Taken from the “Dent b/w The Diner,” the debut solo singles by Dan Wriggins of Philly alt-country band Friendship.
Dan Wriggins is a Philadelphia-based songwriter, musician, and poet. He grew up in the town of Yarmouth, Maine, and on Islesford, a small island community near Bar Harbor. In high school, he started playing piano and guitar, and met bandmates Michael Cormier and Peter Gill. He worked on lobster fishing boats before moving to Philadelphia and starting the alt-country band Friendship in 2015, with whom he has toured the US and Canada extensively. He lives and sometimes tours with his dog, Roy.
“The Diner” and “Dent” are Wriggins’ first songs released under his own name. They were recorded in an October 2020 session with Michael Cormier and Lina Tullgren at Big Nice Studio in Lincoln, RI.
Wriggins explains: “Writing songs for Friendship, I would sometimes come up with one that felt more like a solo song and less like a band song. The distinction is blurry. I wrote “The Diner” a couple years ago, and “Dent” this summer. They are companions insofar as they both feature violin parts from the amazing Lina Tullgren, and they share three title letters.
The All Night Diner was a basement venue in Philly active around 2016-17 that my friends and I used to hang out at a lot. It was a special place. There was a nice porch and backyard, friendly people, and a lot of great shows. I don’t know whether I “took it for granted” or not. It probably helped me understand that a supportive scene and community doesn’t just happen, and I was lucky to be a part of that one. The song could also be about actual diners. My favorite is Annie’s in Worcester, MA.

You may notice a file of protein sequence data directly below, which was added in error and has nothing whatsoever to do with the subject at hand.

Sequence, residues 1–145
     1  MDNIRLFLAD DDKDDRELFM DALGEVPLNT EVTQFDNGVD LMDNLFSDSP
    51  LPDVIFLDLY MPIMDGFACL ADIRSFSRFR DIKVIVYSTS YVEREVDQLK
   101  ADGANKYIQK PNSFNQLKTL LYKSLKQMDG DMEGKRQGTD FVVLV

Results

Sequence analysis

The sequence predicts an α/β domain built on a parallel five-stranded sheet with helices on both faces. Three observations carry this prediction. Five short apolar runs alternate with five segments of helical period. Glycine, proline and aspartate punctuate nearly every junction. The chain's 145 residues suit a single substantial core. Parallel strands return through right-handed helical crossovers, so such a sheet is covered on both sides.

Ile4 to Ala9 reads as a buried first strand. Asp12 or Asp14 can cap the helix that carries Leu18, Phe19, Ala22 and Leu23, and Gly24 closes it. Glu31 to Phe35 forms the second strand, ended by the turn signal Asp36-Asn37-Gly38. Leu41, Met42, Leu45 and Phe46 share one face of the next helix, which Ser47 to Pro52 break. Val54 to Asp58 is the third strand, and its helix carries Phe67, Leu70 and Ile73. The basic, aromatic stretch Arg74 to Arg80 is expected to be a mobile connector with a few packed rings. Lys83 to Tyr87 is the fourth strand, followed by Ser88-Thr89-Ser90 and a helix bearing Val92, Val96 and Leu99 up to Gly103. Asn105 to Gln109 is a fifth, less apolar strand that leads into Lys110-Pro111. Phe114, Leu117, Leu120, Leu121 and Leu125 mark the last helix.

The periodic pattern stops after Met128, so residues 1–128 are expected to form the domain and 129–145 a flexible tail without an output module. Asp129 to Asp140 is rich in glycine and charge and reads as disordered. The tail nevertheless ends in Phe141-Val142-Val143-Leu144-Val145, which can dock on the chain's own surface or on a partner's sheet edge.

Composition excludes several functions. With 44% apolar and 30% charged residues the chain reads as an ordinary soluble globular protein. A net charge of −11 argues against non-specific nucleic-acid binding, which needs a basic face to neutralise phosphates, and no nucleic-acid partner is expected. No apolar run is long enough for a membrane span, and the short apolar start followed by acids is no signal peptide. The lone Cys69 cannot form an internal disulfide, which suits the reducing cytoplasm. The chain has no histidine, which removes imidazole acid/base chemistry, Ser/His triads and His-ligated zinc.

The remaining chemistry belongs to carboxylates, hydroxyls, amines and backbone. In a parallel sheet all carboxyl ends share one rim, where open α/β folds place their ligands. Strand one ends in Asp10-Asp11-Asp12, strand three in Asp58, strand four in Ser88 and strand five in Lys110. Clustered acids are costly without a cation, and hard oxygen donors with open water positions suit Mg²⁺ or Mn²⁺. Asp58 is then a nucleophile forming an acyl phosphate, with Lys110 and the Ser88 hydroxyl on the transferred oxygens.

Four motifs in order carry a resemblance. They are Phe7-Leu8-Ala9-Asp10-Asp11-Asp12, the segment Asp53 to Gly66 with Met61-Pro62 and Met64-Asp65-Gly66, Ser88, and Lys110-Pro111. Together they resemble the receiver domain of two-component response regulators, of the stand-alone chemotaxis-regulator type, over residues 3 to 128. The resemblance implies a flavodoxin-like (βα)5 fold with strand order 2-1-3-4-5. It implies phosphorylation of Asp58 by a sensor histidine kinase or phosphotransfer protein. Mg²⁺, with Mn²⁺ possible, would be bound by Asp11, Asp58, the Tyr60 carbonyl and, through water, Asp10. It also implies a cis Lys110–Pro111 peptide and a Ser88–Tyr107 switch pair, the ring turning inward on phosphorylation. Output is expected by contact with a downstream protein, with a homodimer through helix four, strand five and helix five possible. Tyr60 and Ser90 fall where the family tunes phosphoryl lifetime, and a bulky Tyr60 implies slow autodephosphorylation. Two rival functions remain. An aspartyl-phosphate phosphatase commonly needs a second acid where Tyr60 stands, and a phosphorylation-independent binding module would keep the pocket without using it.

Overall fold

I’m not sure where “Dent” came from. I may have had Willie Nelson’s “Last Thing I Needed, First Thing This Morning” on the brain. Most of the song is typical blues about work sucking and feeling like a zombie. But the punchline is “oh and by the way, you leaving didn’t help.” Peter Gill recorded the guitar part through his boombox, and gave me a tape with very loud hiss. He assured me it would sound good, and that ‘Keith Richards did it this way all the time.’“